Mr. Shannon is a master of the art of lithography, which, since the renewal of interest largely due to Mr. Whistler, is no longer regarded as a poor relation of the Graphic Arts. He is a poetic and subtle draughtsman, an absorbed student of beauty, a seeker after nobility of design who subordinates literary to pictorial requirements. For this reason it is vain to seek in our picture more than the slightest literary motive. "Delia" may be the lady referred to in Pope's lines - "Slander or poison dread from Delia's rage" - but we do not know. What seems suggested is one of those sinister beauties of the Renaissance, whom men admired and feared. we see a banquet where the guests are raising wine cups in her honour, while one whispers in her ear. It is just a fancy in which the artist has expressed his power of noble and rhythmic design. The subject was once admirably characterised by Sir Frederick Wedmore as "ideal and opulent and Titianesque."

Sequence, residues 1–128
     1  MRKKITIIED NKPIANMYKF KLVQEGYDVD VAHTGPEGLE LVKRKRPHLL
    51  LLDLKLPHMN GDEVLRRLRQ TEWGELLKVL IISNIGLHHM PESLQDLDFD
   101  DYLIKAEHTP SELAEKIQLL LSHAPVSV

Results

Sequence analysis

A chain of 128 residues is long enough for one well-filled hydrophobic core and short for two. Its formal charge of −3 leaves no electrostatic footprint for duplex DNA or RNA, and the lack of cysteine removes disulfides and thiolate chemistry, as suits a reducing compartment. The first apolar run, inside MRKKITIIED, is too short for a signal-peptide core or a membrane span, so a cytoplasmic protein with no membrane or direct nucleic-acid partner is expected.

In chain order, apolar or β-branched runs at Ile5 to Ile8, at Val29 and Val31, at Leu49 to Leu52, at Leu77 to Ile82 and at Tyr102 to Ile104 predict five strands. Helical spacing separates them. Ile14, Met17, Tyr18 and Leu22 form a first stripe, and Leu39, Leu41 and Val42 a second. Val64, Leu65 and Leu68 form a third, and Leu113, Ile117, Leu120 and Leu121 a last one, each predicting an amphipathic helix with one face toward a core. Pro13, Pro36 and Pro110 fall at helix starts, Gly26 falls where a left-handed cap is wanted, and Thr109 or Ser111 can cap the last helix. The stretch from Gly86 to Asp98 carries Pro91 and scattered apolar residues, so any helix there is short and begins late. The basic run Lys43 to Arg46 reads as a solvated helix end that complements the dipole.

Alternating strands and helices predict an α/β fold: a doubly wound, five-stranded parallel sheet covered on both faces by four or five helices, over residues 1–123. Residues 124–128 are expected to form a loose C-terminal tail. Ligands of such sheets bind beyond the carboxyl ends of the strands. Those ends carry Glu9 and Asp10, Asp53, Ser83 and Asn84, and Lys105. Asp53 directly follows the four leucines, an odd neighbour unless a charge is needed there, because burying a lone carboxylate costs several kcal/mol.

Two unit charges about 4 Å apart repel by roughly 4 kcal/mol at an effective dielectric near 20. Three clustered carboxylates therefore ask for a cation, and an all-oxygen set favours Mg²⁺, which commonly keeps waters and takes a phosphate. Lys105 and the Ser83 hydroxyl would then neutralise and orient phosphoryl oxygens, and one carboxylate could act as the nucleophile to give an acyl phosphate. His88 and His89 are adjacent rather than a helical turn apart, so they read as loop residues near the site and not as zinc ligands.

The art-historical text and lithography are embedded in the world of theosophy. Already on the first page, above and below the table of contents, there are quotations from L.W. Rogers, long-time president of the Theosophical Society in America: 'Man is a God in the making. Latent within him are all the attributes of divinity.'

Charles Shannon, 'The Wise and Foolish Virgins'
(1919-1920) [detail]
Walker Art Gallery
(National Museums Liverpool)

Opposite the page with Shannon's lithograph is a full-page colour image, printed across, of Shannon's 1920 picture 'The Wise and Foolish Virgins'. Joseph Bibby must have purchased the oil painting in 1921 and immediately decided to use it for his annual because of its religious subject. The accompanying text is long, and we may assume that it was written by Bibby himself: